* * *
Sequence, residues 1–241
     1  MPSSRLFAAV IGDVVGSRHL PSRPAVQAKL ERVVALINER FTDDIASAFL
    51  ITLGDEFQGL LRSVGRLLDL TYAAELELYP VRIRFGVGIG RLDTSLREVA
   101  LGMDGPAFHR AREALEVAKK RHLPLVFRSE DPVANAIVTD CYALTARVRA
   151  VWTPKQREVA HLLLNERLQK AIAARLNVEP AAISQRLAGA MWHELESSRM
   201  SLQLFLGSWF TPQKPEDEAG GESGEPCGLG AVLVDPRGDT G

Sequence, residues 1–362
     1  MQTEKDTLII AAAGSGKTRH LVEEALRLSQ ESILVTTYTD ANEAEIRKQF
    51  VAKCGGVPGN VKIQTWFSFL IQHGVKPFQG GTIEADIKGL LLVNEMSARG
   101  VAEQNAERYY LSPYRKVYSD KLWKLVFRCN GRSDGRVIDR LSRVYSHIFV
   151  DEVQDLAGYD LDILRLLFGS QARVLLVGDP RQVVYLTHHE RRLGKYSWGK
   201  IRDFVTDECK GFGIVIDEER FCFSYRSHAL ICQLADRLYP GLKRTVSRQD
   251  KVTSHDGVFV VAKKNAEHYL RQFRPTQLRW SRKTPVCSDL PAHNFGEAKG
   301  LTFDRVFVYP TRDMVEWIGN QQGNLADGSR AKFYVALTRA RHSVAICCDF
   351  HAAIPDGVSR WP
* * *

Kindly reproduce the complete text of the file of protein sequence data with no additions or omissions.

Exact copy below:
Sequence, residues 1–241
     1  MPSSRLFAAV IGDVVGSRHL PSRPAVQAKL ERVVALINER FTDDIASAFL
    51  ITLGDEFQGL LRSVGRLLDL TYAAELELYP VRIRFGVGIG RLDTSLREVA
   101  LGMDGPAFHR AREALEVAKK RHLPLVFRSE DPVANAIVTD CYALTARVRA
   151  VWTPKQREVA HLLLNERLQK AIAARLNVEP AAISQRLAGA MWHELESSRM
   201  SLQLFLGSWF TPQKPEDEAG GESGEPCGLG AVLVDPRGDT G

Sequence, residues 1–362
     1  MQTEKDTLII AAAGSGKTRH LVEEALRLSQ ESILVTTYTD ANEAEIRKQF
    51  VAKCGGVPGN VKIQTWFSFL IQHGVKPFQG GTIEADIKGL LLVNEMSARG
   101  VAEQNAERYY LSPYRKVYSD KLWKLVFRCN GRSDGRVIDR LSRVYSHIFV
   151  DEVQDLAGYD LDILRLLFGS QARVLLVGDP RQVVYLTHHE RRLGKYSWGK
   201  IRDFVTDECK GFGIVIDEER FCFSYRSHAL ICQLADRLYP GLKRTVSRQD
   251  KVTSHDGVFV VAKKNAEHYL RQFRPTQLRW SRKTPVCSDL PAHNFGEAKG
   301  LTFDRVFVYP TRDMVEWIGN QQGNLADGSR AKFYVALTRA RHSVAICCDF
   351  HAAIPDGVSR WP